Athletes Honor an Ideal America
When we go to a movie, we pay for a performance rather than purchase the actors. Similarly, when we go to concerts, we do not control the musicians or the music. Regarding athletes, is there any difference? Even if they are paid to endorse products, they are not for sale.
Our superstars are pleasing to us, even enough to sell things, so we try to make heroes of them and then expect them to behave that way. Traditionally, heroes showcase character and virtue where superstars give us glamor and talent. These categories do not often cross-over even though both may be celebrities. Different aspects are offered to be judged.
I am neither an athlete nor a sports fan, but I am interested in the debate if football players refuse to give a conventional salute to our flag. It seems to me that players put their heart in the game at personal risk giving a best effort to win. It is the game that counts. We may prefer they behave in certain ways as non-players, but they do not owe us anything despite high pay.
Like the rest of us, they may wish to stand for what they believe not what they are told to believe. We can criticize them, but it might be helpful if we tried to understand what they attempt to communicate. Rather than an offending patriotism, for example, they may be asserting a belief that America is not living up to its standards or promise for justice and equality. This implies a belief that America could do better if it sees the problem better. So, they use their fame. Looks like a question of honor to me rather than an insult. They certainly will not gain material rewards for this stance.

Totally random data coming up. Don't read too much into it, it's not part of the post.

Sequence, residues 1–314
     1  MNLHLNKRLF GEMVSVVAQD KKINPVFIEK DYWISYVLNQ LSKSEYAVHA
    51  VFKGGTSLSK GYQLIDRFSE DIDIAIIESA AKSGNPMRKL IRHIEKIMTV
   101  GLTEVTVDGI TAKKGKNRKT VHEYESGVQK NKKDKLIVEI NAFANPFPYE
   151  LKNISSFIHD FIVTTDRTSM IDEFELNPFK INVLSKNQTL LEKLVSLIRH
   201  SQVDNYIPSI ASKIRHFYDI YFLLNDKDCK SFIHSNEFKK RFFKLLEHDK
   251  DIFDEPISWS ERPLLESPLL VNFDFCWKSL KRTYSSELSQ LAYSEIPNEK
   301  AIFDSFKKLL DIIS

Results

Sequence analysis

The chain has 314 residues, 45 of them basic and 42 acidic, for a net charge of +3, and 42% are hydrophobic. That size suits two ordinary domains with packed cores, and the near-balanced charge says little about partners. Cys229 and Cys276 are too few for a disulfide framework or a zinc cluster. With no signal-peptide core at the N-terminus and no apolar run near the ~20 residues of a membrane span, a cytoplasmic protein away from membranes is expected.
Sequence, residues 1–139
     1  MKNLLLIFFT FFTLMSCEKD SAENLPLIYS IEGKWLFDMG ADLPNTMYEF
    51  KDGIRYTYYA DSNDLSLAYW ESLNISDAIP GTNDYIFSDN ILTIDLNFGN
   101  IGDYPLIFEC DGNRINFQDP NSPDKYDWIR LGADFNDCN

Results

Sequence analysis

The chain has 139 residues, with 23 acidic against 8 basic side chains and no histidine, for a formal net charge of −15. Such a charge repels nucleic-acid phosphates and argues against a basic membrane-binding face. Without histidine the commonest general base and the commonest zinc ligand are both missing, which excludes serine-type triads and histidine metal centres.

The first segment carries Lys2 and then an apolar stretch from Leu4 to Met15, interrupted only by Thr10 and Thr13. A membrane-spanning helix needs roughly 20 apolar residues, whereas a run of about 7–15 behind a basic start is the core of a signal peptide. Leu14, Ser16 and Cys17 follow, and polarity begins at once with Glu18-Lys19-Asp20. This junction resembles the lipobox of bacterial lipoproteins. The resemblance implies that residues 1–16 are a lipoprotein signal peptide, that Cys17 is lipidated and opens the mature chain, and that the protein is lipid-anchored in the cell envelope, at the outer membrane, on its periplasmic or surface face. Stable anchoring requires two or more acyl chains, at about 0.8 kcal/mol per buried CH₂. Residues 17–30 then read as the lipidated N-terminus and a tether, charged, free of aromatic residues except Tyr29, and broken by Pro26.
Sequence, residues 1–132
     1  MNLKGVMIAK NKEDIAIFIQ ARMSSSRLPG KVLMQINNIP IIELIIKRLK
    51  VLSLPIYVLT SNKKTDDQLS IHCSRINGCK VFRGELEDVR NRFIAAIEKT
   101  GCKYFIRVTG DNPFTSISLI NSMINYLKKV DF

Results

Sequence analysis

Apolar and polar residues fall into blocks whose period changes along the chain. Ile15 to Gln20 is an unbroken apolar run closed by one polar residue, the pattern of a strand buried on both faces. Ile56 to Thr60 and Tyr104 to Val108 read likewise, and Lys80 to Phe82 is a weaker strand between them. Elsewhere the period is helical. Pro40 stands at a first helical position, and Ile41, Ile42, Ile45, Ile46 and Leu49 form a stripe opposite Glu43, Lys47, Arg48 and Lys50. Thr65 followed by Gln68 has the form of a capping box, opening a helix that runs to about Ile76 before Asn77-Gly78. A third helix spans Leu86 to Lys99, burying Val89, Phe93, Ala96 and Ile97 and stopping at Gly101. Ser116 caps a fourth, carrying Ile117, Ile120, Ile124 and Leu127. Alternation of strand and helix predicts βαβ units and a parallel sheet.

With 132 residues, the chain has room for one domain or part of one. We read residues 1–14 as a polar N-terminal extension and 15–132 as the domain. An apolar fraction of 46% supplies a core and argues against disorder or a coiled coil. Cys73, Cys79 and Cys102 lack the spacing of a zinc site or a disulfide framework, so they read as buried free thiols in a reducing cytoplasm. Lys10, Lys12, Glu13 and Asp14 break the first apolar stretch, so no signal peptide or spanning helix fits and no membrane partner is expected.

If fans insist that their own standards prevail, then that requirement should be spelled out in the contract. When I worked for state government, I was not permitted to publicly support candidates, which means I knew the rules in advance that would curb my First Amendment rights. If the leagues want to enforce a sort of loyalty oath (although these players are criticized for something they do NOT do) making employment contingent on agreement to take no political stands at games, then players may decide not to play on such a team or in the game at all. The game then loses the great talents they paid to see in a great performance in the first place. We are all free agents in this sense – or should be.